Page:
First impressions count – how to engineer memorable brand experiences

The creation of engaging, memorable and personal customer experiences is becoming the most significant marketing strategy for brands in building their competitive advantage, growing customer satisfaction and boosting customer retention. Companies that intentionally mastermind memorable experiences with original touches that appear fresh and distinctive are showing enhanced business outcomes with their consumers becoming precious brand advocates.

The importance of the first impressions

‘You only get one chance to make a good first impression’. In fact, according to a 2006 study from Princeton University ‘It takes only one-tenth of a second to make a judgment about another individual based on his or her facial appearance’. Even with these hard facts, many businesses fail to observe just how significant or lasting these first impressions can be. Making a deliberate effort to consider the small, yet important details can turn any experience from a forgettable one into a memorable one that has the potential to influence future customer behaviour positively.

‘It takes only one-tenth of a second to make a judgment about another individual based on his or her facial appearance’

How to influence a customer experience with the psychology of memory

It’s thought that the expectation and the memory of an experience will be the same as the experience. However, all the research has proven that this is not so. In fact, the two can be very different. If your goal is customer retention, customer loyalty and brand advocacy – while the experience may swing the behaviour of the consumer temporarily – the experience could also be let down by an unrealistic expectation, and the significant memory of the experience will then have a substantial impact on your customer’s subsequent behaviour.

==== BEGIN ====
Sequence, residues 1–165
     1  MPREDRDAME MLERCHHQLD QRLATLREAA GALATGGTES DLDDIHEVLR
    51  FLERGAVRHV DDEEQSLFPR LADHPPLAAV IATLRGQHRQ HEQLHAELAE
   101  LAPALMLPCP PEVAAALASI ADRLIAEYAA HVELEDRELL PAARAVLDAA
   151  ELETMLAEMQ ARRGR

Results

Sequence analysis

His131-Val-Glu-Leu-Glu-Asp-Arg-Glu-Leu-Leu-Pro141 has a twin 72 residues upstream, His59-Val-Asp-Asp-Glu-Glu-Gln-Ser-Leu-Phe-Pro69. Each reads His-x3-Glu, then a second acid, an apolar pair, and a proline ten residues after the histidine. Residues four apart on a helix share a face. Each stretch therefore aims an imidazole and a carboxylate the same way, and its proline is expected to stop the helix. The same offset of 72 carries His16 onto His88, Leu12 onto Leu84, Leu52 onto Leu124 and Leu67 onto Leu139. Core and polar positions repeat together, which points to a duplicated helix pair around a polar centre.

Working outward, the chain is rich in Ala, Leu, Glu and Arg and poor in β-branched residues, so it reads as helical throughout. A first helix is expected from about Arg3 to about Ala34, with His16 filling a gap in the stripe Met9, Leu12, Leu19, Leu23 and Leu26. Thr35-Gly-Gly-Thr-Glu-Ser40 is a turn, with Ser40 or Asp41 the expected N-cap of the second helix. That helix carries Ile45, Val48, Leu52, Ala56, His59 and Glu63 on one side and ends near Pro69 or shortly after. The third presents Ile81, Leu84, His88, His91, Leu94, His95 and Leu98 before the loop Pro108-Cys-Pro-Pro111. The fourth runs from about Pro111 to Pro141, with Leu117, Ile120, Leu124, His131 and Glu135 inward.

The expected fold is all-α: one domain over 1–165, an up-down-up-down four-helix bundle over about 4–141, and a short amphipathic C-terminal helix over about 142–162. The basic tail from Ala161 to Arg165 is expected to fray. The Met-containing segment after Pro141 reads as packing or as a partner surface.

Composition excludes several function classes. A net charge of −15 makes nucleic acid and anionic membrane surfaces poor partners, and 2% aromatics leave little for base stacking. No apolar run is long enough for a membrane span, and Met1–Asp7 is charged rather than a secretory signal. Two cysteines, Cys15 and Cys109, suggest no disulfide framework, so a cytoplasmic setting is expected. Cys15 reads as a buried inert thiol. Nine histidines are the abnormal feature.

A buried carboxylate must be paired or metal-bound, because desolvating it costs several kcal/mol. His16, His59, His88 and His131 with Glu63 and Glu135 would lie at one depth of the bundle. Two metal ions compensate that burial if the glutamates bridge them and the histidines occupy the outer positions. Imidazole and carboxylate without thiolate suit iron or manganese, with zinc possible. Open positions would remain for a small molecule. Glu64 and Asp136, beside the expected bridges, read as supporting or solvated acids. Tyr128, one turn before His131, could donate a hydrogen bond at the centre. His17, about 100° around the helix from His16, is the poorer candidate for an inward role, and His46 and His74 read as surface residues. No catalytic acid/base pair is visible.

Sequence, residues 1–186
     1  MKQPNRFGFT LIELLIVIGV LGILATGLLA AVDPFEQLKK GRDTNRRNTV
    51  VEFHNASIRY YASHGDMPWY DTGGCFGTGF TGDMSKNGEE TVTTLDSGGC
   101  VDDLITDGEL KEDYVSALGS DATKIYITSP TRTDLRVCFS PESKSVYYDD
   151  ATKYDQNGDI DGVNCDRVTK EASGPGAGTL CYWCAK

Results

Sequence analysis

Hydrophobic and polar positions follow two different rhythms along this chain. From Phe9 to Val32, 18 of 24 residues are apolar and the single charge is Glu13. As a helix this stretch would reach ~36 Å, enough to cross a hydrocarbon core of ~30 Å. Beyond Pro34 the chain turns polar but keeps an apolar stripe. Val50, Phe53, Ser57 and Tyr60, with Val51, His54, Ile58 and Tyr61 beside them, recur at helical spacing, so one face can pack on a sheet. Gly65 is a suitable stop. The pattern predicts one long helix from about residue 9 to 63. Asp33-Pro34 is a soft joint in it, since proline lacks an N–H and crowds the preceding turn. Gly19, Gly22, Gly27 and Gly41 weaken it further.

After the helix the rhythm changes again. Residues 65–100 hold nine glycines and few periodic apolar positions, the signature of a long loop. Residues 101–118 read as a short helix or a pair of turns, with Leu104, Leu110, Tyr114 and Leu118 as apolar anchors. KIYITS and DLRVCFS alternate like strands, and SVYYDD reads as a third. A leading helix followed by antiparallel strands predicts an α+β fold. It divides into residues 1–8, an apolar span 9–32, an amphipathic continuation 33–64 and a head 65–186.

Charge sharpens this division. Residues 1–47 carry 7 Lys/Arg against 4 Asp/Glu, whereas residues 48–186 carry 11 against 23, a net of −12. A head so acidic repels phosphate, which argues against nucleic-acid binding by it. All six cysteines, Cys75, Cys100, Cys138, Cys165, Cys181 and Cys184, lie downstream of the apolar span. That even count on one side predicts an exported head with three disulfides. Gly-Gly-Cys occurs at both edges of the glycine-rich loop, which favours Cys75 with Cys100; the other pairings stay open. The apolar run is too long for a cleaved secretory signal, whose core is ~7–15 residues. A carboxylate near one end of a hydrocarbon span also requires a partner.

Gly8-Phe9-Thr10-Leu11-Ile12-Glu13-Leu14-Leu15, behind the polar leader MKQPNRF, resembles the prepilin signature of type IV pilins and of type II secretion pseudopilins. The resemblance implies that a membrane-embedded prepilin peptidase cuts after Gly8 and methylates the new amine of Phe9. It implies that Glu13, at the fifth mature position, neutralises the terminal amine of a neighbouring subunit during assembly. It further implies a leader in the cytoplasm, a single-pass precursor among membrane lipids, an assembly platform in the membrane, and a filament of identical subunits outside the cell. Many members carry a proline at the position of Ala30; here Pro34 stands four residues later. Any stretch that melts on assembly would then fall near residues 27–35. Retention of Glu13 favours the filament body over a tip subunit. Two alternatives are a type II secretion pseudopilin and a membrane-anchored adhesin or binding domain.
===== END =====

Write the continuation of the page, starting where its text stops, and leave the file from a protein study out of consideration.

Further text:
Professor of psychology, Nobel Prize winner for his work in this area, Daniel Kahneman, the world expert on this subject explains how individual components of any experience can easily obscure all the others elements. Simply one part of the experience, usually the one that has had the greatest impact, becomes the only thing that will be remembered and subsequently has the most sizeable influence on future behaviour.

When a customer is engaging in an experience, it is seen as personal and unique, which implies that every individual may react uniquely to the same stimuli. Customers who have experienced something use the experience in two ways: consciously and unconsciously – the significant difference between customers is that one may remember the experience deliberately, while another may not.

Kahneman draws another conclusion from his studies – that the length of any experience plays no real role when assessing how well it becomes etched in our memories. Therefore, experience design has a significant role to play in ensuring that every customer interaction is a memorable one by creating customer journeys that acknowledge that while our “experiencing self” will be living in the moment, it is our “remembering self” that gets to retain all the memories. So, making sure we “manage all aspects of the encounter” is crucial.

How to achieve memorable customer experience success at events

1. Manage customer expectations

Since consumer expectations are an ever-evolving process, it can be extremely challenging to know precisely what those expectations might be. However, a good place to start, is to examine how aligned your products and services are with your brand promise? i.e. are there any discrepancies between promises made in marketing materials and the delivery of your product or services at the event? According to Gallup “Most consumers approach brands and their promises with a healthy dose of scepticism” and “Companies that “walk the talk” have a significant advantage in the competition for consumer trust. Consumers align themselves with a company when they can recognise its brand promise and trust in its ability to keep that promise.”

“Most consumers approach brands and their promises with a healthy dose of scepticism” and “Companies that “walk the talk” have a significant advantage in the competition for consumer trust. Consumers align themselves with a company when they can recognise its brand promise and trust in its ability to keep that promise.” Gallup

2. Provide a valuable experience